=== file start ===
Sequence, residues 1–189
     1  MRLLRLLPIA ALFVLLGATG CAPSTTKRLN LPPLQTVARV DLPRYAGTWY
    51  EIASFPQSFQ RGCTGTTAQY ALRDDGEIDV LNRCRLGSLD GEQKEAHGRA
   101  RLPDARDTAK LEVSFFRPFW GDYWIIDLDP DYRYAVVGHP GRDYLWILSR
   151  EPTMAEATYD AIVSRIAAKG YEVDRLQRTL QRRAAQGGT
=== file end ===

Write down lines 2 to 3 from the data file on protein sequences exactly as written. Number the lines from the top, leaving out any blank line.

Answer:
     1  MRLLRLLPIA ALFVLLGATG CAPSTTKRLN LPPLQTVARV DLPRYAGTWY
    51  EIASFPQSFQ RGCTGTTAQY ALRDDGEIDV LNRCRLGSLD GEQKEAHGRA